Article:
The hats had rained down onto the ice. The shovels came out. There would be no hockey for a few minutes as the ice was cleared, so Claude Giroux leaned against the boards in front of his bench and did what all the other hatless folk did.

He watched the replay. He watched a burst of speed that he could not conjure at this time last year. He watched the pinpoint purpose of a shot that zipped over the glove of Henrik Lundqvist, the future Hall of Famer, giving the Flyers captain, at age 30, his first-ever regular-season hat trick, adding to the 100-point plateau he had reached earlier in the game – a plateau that only five other Flyers have ever reached.

Claude Giroux led the Flyers into the playoffs Saturday the only way he knows how. Not by bashing a trash can between periods or standing on a soapbox before the game. With speed and skill and will.

His 100th point was shot from a wide angle, as 19-year-old Nolan Patrick distracted Lundqvist. His second, by using Michael Raffl as a screen. He scored the third after a heady pass from another of the Flyers talented rookies, Travis Sanheim hitting the Giroux in full stride at mid-ice from his own corner.

Lundqvist didn't even have time to push the puck from his net before the first hat fell, and the ensuing storm of them lasted a good 30 seconds.

At first Giroux squirmed uncomfortably as the camera zoomed in, as his teammates behind him clearly enjoyed his discomfort. Raffl told him to get back on the ice. Travis Konecny put a hand on his shoulders, started talking, even tossed a hat he found on the bench into the piles already on the ice.

"He's a really good kid,'' Giroux said of Konecny, who turned 21 last month. "I was trying to stay serious. But the stuff he was saying, I couldn't hold it.''

So he smiled. He waved, somewhat sheepishly. And when the decibel level from the 20,028 at  Wells Fargo Center increased, so too did the sheepish smile, offering a glimpse of the person cloaked by the captaincy.

What a difference a year makes. For the Flyers, who overcame an early 10-game losing streak, injuries to two goalies and the overall unevenness inherent in a team rolling younger players into meaningful roles. For Giroux, who a year ago seemed to be a player in rapid decline — his wrists, his hips, his core muscles all adding wear and tear to a body and a style that never seemed built particularly well for this bash-body game.

A year ago at this time, his balance compromised by extensive core-muscle surgery the summer before, Giroux finished his season with 14 goals and 44 assists, finished with a minus-15, the worst by far of his 10 NHL seasons. "The core," as he and several players in their upper 20s were often described, were at times deemed flawed in both leadership and play, and when last season ended, the trade speculation began.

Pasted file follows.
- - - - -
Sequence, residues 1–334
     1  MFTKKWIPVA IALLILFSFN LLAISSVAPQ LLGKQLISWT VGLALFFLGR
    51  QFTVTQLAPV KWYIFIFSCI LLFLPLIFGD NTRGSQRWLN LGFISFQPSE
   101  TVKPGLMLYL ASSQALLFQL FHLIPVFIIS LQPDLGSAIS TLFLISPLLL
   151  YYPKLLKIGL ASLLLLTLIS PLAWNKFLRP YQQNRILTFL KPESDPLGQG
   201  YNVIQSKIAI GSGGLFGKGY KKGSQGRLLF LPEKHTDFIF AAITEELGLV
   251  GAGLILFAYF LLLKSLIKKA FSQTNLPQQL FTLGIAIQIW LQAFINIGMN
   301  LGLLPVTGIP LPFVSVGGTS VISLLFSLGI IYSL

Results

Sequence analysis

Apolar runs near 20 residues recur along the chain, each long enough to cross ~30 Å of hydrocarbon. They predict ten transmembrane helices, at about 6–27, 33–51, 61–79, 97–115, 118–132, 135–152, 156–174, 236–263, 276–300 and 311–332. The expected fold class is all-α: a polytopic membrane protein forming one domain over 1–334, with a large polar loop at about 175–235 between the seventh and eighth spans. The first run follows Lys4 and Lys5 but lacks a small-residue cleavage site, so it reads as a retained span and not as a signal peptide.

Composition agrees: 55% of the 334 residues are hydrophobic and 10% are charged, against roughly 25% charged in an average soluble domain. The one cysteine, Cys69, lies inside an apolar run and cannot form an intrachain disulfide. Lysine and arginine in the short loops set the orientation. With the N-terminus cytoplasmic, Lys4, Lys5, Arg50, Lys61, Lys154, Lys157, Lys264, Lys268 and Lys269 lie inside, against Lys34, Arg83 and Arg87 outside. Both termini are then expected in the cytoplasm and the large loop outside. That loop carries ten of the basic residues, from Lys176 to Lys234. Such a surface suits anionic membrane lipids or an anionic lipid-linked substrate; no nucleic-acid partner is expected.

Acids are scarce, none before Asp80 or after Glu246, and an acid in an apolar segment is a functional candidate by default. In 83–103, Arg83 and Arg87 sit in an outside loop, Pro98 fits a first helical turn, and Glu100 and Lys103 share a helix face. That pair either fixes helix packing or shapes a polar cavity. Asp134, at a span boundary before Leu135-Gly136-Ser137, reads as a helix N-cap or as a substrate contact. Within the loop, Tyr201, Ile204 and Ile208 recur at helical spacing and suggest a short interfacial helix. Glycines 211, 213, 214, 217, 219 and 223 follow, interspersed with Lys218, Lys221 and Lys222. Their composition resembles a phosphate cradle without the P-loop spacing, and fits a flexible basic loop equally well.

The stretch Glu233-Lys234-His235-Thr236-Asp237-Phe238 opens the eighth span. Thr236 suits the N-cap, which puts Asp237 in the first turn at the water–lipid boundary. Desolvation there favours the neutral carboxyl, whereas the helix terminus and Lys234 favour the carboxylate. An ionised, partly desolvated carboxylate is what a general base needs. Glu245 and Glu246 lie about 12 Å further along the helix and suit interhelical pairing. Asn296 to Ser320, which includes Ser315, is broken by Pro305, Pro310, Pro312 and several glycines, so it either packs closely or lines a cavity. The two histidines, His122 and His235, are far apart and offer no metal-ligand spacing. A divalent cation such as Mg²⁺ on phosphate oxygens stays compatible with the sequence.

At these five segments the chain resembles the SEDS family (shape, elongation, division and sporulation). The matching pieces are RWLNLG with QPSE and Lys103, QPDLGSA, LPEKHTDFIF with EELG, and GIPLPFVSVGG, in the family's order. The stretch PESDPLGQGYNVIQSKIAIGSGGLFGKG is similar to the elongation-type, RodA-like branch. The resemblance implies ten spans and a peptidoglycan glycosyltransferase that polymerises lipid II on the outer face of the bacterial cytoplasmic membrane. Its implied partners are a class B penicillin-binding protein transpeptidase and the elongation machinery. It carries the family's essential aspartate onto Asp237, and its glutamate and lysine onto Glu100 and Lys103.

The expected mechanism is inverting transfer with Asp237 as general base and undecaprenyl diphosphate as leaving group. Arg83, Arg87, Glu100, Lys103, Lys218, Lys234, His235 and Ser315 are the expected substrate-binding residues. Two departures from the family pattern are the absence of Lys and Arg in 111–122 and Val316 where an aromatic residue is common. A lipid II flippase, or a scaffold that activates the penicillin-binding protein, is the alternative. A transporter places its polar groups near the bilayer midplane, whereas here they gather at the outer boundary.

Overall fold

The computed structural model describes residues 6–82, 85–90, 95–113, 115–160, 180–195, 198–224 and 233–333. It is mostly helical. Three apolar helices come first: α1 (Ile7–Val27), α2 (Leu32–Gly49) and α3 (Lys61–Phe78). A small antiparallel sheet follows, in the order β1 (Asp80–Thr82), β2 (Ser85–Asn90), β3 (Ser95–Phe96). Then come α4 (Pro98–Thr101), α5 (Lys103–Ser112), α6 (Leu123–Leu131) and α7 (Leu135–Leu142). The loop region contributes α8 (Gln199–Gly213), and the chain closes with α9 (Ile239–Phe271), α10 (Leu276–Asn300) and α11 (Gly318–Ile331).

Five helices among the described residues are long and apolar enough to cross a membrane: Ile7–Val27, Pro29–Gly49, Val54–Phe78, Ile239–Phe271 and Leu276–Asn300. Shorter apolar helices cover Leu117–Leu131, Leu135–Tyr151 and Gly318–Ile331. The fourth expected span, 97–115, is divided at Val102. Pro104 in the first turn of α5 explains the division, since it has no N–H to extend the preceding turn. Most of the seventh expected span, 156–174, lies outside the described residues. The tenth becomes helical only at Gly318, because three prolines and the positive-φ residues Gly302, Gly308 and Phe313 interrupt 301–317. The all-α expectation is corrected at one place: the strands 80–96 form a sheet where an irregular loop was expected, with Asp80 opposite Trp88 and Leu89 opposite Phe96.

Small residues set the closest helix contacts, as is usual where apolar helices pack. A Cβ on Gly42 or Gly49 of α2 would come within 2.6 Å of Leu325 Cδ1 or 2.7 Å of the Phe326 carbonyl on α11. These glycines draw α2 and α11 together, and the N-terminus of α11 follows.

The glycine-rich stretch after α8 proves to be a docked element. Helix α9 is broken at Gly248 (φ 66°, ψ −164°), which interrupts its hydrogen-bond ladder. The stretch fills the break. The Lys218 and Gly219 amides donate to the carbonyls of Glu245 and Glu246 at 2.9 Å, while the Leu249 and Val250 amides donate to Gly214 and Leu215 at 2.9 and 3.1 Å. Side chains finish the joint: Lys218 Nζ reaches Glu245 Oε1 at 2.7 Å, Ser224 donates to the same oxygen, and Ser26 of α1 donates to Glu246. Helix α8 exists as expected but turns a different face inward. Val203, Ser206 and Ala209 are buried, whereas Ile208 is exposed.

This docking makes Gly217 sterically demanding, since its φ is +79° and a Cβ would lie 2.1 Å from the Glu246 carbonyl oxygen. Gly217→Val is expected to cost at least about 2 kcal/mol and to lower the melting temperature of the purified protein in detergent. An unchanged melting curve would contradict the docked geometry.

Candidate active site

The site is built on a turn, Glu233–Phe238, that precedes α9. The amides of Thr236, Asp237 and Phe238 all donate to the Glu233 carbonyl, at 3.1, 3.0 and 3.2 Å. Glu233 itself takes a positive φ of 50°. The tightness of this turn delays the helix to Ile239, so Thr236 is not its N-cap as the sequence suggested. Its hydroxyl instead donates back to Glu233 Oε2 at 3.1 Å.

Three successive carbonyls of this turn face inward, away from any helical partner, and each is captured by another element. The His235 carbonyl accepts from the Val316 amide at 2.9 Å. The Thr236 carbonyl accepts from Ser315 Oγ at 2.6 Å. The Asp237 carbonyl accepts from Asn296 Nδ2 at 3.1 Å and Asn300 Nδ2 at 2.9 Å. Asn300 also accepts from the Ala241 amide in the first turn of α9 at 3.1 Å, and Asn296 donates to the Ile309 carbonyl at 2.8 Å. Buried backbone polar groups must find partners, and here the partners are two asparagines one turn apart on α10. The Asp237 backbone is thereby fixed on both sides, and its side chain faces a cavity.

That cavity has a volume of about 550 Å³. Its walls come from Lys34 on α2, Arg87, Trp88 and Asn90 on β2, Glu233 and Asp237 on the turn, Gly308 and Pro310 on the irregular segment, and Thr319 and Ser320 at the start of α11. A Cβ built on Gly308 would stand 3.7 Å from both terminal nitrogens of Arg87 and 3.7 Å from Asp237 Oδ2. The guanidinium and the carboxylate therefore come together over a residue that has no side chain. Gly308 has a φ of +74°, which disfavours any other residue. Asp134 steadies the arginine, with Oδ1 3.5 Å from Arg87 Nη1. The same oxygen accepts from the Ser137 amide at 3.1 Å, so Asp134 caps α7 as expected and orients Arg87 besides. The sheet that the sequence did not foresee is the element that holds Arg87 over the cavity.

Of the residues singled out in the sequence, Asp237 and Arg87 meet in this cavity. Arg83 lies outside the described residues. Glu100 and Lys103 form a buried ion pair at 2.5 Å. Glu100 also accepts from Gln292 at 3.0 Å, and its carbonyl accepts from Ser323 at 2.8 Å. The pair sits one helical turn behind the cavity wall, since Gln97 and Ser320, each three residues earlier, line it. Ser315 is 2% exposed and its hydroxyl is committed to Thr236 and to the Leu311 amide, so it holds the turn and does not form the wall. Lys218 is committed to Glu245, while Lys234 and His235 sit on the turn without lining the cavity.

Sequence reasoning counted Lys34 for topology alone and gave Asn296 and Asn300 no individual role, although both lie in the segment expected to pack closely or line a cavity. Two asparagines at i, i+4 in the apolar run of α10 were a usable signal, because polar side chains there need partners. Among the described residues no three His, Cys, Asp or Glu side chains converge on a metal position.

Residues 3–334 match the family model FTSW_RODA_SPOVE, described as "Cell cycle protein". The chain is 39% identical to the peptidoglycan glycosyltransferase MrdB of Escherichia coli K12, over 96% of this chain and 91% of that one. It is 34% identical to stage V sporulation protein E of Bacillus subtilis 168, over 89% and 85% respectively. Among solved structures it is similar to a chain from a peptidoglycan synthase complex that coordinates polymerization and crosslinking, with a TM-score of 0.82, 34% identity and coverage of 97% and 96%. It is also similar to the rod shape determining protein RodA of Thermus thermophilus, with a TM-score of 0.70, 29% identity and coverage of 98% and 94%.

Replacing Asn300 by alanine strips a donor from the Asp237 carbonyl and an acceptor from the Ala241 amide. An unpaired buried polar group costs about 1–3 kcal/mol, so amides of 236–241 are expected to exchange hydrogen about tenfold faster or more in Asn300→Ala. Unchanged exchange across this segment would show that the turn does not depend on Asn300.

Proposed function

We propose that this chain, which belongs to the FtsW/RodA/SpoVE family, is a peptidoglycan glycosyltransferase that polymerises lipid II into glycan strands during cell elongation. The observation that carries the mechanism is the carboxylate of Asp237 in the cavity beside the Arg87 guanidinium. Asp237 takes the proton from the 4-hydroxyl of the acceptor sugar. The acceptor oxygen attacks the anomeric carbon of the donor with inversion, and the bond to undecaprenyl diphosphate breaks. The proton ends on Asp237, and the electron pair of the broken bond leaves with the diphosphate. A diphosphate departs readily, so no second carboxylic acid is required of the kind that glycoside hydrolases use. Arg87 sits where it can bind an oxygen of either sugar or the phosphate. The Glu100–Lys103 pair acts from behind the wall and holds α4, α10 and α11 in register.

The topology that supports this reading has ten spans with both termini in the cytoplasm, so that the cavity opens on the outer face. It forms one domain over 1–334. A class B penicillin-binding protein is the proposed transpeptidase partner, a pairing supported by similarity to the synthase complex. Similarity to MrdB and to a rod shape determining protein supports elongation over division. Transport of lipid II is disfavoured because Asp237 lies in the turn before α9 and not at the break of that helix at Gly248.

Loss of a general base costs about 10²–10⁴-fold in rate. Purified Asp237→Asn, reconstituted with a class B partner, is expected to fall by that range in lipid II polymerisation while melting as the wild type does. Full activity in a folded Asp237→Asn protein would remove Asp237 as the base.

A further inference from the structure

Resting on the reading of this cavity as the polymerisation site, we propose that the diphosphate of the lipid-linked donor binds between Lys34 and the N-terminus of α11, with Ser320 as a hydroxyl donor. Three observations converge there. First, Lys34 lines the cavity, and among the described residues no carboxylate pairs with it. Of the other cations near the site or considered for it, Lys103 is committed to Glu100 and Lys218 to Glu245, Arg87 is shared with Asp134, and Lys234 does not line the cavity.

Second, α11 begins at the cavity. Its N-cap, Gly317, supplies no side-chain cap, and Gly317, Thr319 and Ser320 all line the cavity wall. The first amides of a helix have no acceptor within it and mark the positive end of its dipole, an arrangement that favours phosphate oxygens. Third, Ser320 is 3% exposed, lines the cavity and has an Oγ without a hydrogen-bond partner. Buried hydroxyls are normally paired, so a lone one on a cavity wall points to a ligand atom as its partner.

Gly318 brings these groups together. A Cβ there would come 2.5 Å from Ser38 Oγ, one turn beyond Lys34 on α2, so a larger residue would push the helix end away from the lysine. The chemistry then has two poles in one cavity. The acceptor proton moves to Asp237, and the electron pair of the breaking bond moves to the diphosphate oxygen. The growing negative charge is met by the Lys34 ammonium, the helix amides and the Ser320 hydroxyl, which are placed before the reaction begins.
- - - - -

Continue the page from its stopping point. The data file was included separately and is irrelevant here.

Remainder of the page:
Brayden Schenn went to St. Louis on draft day for a pick that turned into Morgan Frost, the juniors sensation. But the rest remained, including their captain, who became the longest-tenured current Philadelphia athlete earlier this year when Brent Celek was released by the Eagles following the Super Bowl.

By then, of course, it all seemed ludicrous: He was not over the hill after all, and, damn,  was he leading these guys. Once a bit fun and flaky himself, he is a role model these days, too, especially when it comes to Konecny, who finished his second NHL season with 24 goals and 23 assists –most of them coming alongside Giroux and Sean Couturier.

"His personality – I think I see myself a little bit in him,'' said Giroux. "I used to be pretty loose. And sometimes it got me in trouble. We have a good relationship, so it's good.''

A center his entire NHL career, Giroux went to left wing happily before the season, piled up points along with Couturier and anyone lucky enough to play on the other side with them. Jake Voracek started there and had a great year. Konecny exploded once he got the job. On Saturday, Raffl, the most recent resident – who had gone 41 games between the end of last season and the beginning of this one without registering a point – acquired two in the span of six seconds, setting, with Giroux and Couturier, a franchise record.

There was nary an "E-A-G-L-E-S'' chant in the house Saturday.

They were replaced, on numerous occasions, by "M-V-P''

"For me,he's never needed the validation,'' said Flyers coach Dave Hakstol. "But if the exclamation point tonight that he put on his season, in the most important game of our season, doesn't say that to the outside world, I don't know what would. He doesn't need that kind of validation inside of our dressing room or amongst his teammates, because he's done it all this year, and he's done it under pressure.

"And that, for me, says a lot about him and who he is and what he's all about.''